How to Hide PHP Version Number in HTTP Header

The PHP configuration, by default allows the server HTTP response header ‘X-Powered-By‘ to display the PHP version installed on a server.

For server security reasons (though not a major threat to worry about), it is recommended that you disable or hide this information from attackers who might be targeting your server by wanting to know whether you are running PHP or not.

Assuming a particular version of PHP installed on your server has security holes, and on the other side, attackers get to know this, it will become much easier for them to exploit vulnerabilities and gain access in to the sever through scripts.

In my previous article, I’ve shown how to Hide apache version number, where you’ve seen how to turn-off apache installed version. But if you are running PHP in your apache web server you need to hide PHP installed version also, and this is what we going show in this article.

Therefore, in this post, we will explain how to hide or turn-off showing PHP version number in server HTTP response header.

This setting can be configured in the loaded PHP configuration file. In case you do not know the location of this config file on your server, run the command below to find it:

$ php -i | grep "Loaded Configuration File"
PHP Configuration File Location
---------------- On CentOS/RHEL/Fedora ---------------- 
Loaded Configuration File => /etc/php.ini

---------------- On Debian/Ubuntu/Linux Mint ---------------- 
Loaded Configuration File => /etc/php/7.0/cli/php.ini

Before making any changes to PHP configuration file, I suggest you to first make a backup of your PHP config file like so:

---------------- On CentOS/RHEL/Fedora ---------------- 
$ sudo cp /etc/php.ini /etc/php.ini.orig

---------------- On Debian/Ubuntu/Linux Mint ---------------- 
$ sudo cp /etc/php/7.0/cli/php.ini  /etc/php/7.0/cli/php.ini.orig  

Then open the file using your favorite editor with super user privileges like so:

---------------- On CentOS/RHEL/Fedora ---------------- 
$ sudo vi /etc/php.ini

---------------- On Debian/Ubuntu/Linux Mint ---------------- 
$ sudo vi /etc/php/7.0/cli/php.ini

Locate the keyword expose_php and set its value to Off:

expose_php = off

Save the file and exit. Afterwards, restart the web server as follows:

---------------- On SystemD ----------------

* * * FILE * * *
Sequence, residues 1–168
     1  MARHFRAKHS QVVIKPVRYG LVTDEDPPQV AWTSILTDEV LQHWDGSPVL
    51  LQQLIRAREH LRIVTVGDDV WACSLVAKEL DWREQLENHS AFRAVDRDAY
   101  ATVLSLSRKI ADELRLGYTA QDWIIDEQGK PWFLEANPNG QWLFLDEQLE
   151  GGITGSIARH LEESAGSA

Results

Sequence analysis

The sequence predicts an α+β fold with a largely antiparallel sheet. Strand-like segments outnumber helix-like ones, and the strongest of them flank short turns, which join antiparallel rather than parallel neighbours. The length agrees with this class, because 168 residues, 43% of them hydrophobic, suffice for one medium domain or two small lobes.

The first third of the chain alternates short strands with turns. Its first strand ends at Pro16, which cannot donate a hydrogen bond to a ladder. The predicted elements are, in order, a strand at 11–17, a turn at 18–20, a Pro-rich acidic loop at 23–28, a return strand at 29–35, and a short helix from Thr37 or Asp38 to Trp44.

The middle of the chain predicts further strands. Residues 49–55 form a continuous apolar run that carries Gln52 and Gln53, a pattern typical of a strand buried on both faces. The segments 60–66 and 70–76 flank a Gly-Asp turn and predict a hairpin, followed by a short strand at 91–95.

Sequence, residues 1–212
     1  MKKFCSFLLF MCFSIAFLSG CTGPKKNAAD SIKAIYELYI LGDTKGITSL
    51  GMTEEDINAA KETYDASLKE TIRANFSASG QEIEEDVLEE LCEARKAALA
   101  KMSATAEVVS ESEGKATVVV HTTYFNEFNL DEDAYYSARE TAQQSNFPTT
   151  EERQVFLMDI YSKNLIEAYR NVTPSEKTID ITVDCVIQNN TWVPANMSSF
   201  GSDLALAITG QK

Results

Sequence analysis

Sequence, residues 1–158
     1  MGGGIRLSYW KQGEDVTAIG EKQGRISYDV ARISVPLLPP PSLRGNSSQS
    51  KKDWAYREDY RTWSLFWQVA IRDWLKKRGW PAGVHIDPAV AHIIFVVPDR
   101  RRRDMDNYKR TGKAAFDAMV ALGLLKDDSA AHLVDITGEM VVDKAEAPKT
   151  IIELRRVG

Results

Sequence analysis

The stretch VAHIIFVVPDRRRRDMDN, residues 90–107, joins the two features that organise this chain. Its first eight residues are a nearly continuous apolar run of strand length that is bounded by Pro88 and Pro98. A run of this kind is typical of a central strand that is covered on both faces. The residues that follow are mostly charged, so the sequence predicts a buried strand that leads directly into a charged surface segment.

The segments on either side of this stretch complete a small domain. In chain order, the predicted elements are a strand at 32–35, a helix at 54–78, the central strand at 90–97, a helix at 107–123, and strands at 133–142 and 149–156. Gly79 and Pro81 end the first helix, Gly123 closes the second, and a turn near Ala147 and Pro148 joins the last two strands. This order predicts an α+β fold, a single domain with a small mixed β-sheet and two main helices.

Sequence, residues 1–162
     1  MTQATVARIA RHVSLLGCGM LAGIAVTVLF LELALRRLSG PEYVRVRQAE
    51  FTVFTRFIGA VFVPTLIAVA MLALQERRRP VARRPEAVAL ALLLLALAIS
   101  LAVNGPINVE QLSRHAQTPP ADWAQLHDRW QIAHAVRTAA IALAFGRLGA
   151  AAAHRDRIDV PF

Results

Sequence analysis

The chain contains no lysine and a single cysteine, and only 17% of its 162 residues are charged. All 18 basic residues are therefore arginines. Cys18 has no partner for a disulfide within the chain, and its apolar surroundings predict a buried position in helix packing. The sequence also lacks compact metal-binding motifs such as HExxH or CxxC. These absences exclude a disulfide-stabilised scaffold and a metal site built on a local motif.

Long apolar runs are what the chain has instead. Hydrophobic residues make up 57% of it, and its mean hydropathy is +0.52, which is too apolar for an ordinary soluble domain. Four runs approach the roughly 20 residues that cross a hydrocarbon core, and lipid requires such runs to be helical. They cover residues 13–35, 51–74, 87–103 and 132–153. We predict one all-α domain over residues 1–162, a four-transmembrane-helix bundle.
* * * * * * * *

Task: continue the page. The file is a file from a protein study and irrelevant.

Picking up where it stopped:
$ sudo systemctl restart httpd
$ sudo systemctl restart apache2 

---------------- On SysVInit ---------------- 
$ sudo service httpd restart
$ sudo service apache2 restart

Last but not least, check if the server HTTP response header is still showing your PHP version number using the command below.

$ lynx -head -mime_header http://localhost 
OR
$ lynx -head -mime_header http://server-address

where the flags:

  1. -head – sends a HEAD request for the mime headers.
  2. -mime_header – prints the MIME header of a fetched document together with its source.

Note: Make sure you have lynx – command-line web browser installed on your system.

That’s it! In this article, we explained how to hide PHP version number in server HTTP response header in order to secure a web server from possible attacks. You can add an opinion to this post or perhaps ask any related question via the comment form below.

Best Affordable Linux and WordPress Services For Your Business
Outsource Your Linux and WordPress Project and Get it Promptly Completed Remotely and Delivered Online.

If You Appreciate What We Do Here On TecMint, You Should Consider:

  1. Stay Connected to: Twitter | Facebook | Google Plus
  2. Subscribe to our email updates: Sign Up Now
  3. Get your own self-hosted blog with a Free Domain at ($3.45/month).
  4. Become a Supporter - Make a contribution via PayPal
  5. Support us by purchasing our premium books in PDF format.
  6. Support us by taking our online Linux courses

We are thankful for your never ending support.

Aaron Kili

Aaron Kili is a Linux and F.O.S.S enthusiast, an upcoming Linux SysAdmin, web developer, and currently a content creator for TecMint who loves working with computers and strongly believes in sharing knowledge.

Your name can also be listed here. Got a tip? Submit it here to become an TecMint author.

RedHat RHCE and RHCSA Certification Book
Linux Foundation LFCS and LFCE Certification Preparation Guide

You may also like...

Got something to say? Join the discussion.

Your email address will not be published. Required fields are marked *

This site uses Akismet to reduce spam. Learn how your comment data is processed.